Hello, AnyPromo blog readers.
If you found your way here from our emails, we’re promoting “Tell a Joke Day”. However, we’re gonna spend today telling you facts about jokes.
Firstly, jokes get old but the facts will always be true.
Secondly… If you look up “joke facts” in Google, you mostly get a bunch of facts that are supposed to be used as jokes as a sort of clean comedy for children and parochial venues.
“A baby Goldfish is called a Twit.”
The people don’t need to steal material to bore children at grade school assemblies, the people need the real facts about jokes!
1. The Funniest Joke, Determined By Science
Launched in 2002 by psychologist Richard Wiseman, LaughLab was a giant psychology experiment carried out over the web. Over 41,000 joke entries were submitted and they were ranked based on over 1.5 million votes.
Here is the joke:
Two hunters are out in the woods when one of them collapses. He doesn’t seem to be breathing and his eyes are glazed.
The other guy whips out his phone and calls the emergency services. He gasps, “My friend is dead! What can I do?”
The operator says “Calm down. I can help. First, let’s make sure he’s dead.”
There is a silence, then a shot is heard. Back on the phone, the guy says “OK, now what?”
You can read more about this experiment at Business Insider.
2. The Funniest British Joke, Determined By OnePoll.com
OnePoll.com ran a similar experiment to LaughLab, but with British jokes. Here was their number one ranked joke (out of 50):
A woman gets on a bus with her baby.
The bus driver says: “Ugh, that’s the ugliest baby I’ve ever seen!”
The woman walks to the rear of the bus and sits down, fuming. She says to a man next to her: “The driver just insulted me!”
The man says: “You go up there and tell him off. Go on, I’ll hold your monkey for you.”
You can read more of OnePoll’s top 50 from this article on Time Magazine’s Newsfeed.
3. Poggio’s Facetarium, the Most Important Renaissance Joke Book
Poggio Bracciolini was a secretary to seven popes and one of the most important scholars of the late middle ages, laying much of the groundwork for the Renaissance. On top of preserving many important ancient works, he composed a very obscene book of his own in Latin called the Liber Facetarium.
Poggio’s Facetarium, a collection of story-form jokes, was the most popular joke book in Western Europe during the Renaissance. The 273 jokes came from medieval bard routines, Arab-Italian novellas, and an informal comedy club of papal scribes in the Vatican called the Bugiale (“fib factory”).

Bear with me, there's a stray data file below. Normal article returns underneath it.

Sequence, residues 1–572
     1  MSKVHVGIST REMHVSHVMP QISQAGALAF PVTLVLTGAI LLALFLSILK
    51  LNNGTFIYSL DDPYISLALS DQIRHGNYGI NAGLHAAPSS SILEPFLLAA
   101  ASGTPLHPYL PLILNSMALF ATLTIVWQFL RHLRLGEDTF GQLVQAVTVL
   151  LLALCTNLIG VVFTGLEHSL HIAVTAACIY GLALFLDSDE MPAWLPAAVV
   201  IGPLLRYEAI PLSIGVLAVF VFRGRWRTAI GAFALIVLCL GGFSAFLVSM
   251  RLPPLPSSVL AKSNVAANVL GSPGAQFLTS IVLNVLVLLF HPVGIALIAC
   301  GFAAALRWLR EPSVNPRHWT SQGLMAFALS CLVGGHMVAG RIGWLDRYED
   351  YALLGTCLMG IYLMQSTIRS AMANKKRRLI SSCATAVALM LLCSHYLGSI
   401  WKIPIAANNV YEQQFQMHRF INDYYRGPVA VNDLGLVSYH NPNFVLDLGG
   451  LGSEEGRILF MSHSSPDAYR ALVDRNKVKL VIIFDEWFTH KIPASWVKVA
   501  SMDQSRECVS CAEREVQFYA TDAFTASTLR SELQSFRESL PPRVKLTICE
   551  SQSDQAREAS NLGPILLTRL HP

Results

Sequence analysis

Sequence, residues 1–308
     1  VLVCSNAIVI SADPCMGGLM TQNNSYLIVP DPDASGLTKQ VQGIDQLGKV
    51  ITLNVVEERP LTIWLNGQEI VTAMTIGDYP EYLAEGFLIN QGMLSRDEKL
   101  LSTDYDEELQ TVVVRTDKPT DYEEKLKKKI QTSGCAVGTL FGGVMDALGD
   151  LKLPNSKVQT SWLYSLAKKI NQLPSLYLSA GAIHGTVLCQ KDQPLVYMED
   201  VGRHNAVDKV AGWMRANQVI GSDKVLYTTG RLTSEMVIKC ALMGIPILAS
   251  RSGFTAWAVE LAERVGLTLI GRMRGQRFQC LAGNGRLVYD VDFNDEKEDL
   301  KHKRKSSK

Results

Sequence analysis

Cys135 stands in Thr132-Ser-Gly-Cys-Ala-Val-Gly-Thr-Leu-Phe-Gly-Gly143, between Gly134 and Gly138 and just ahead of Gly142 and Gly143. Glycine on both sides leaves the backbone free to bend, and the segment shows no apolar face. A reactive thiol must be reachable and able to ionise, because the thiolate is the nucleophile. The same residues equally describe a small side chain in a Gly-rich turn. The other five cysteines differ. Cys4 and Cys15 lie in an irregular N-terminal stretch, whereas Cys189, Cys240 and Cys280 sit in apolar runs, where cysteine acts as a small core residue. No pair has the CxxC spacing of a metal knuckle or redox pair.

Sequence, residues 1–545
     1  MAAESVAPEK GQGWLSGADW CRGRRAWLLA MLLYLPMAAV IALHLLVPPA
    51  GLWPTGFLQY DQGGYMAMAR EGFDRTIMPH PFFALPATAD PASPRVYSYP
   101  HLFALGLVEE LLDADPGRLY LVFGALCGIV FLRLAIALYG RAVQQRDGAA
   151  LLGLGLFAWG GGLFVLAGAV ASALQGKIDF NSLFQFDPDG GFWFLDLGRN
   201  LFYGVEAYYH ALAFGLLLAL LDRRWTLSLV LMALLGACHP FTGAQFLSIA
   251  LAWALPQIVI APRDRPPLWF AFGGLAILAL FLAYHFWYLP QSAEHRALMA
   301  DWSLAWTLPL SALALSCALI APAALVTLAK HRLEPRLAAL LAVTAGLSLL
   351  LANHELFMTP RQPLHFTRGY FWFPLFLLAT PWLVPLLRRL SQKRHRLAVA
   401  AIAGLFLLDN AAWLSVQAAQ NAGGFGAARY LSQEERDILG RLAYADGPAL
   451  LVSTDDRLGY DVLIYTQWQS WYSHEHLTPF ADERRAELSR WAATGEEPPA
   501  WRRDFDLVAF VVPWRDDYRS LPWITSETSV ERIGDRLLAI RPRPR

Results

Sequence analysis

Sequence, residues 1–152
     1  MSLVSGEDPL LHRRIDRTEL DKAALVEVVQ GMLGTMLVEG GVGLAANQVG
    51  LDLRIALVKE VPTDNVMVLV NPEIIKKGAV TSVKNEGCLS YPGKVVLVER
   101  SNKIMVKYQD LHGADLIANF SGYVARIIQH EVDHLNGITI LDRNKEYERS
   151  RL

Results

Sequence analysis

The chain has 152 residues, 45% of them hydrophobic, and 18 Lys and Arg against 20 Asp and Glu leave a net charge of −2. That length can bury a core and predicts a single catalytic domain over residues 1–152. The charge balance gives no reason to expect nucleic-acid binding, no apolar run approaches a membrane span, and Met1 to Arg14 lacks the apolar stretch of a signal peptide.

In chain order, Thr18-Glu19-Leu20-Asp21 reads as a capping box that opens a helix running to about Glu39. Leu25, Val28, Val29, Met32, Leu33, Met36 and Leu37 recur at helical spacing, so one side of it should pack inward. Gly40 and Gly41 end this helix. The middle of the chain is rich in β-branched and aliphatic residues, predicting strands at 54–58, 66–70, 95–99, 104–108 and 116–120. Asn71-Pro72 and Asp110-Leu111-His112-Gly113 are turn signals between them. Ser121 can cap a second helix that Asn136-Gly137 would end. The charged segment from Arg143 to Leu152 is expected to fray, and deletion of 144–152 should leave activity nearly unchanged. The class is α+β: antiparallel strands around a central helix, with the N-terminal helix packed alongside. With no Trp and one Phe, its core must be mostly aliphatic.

Here is the only Facetarium joke I could find that’s appropriate for a modern corporate blog:
The Abbot of Septimo, a very fat and corpulent man, on his way to Florence one evening, enquired of a peasant he met: “Do you think I should be able to enter the gate?”
Of course, he thus meant to ask whether he was likely to reach the city before the closing of the gates. But the country-man, rallying his stoutness, replied: “To be sure, you will: a cart-load of hay gets through; why should not you?.”
Read more about the Facetiae from this Wikipedia article.
4. The Philogelos, the Oldest Existing Joke Book
The oldest existing book of jokes is Philogelos, written by Hierocles and Philagrius. It is thought to have been written in the 4th century (AD).
Most of the jokes are about character archetypes/stereotypes such as the egghead, the hothead, or the wife-hater. My favorite is a classic joke that’s been re-done plenty of times over the centuries:
A Kymean [a people stereotyped as stupid by the Romans] goes to see a friend of his.
He’s standing in front of the friend’s house, calling his name, when another voice answers, “Shout louder so he can hear!”.
So the Kymean shouts, “Hey, Louder!”.
You can read more about the Philogelos in this article from the New Yorker.
5. The Oldest Undiscovered Joke Book
Although the Philogelos is the oldest joke book still around, there is a long-lost joke book thought to have been commissioned by Philip II of Macedon (Alexander the Great’s dad).
Supposedly, ancient Greek comics would meet in the Temple of Heracles to trade jokes with each other, much like a modern comedian’s green room. According to legend, Philip of Macedon paid a hefty sum to have the jokes from this ancient comedy club written down.
You can read about this long-lost book and the history of jokes from Stop Me If You’ve Heard This, by Jim Holt. Check out this NPR article about the book.
6. The First Written Joke Known to Man
The first written joke known to man was so dirty, I was told I’m not allowed to post it on the blog*. It’s it’s an ancient Sumerian proverb dating back to 1900 BC that involves toilet humour and sitting in laps.
Read about this joke at Reuters.
* We’re on our best behavior after a lady emailed us about this blog post.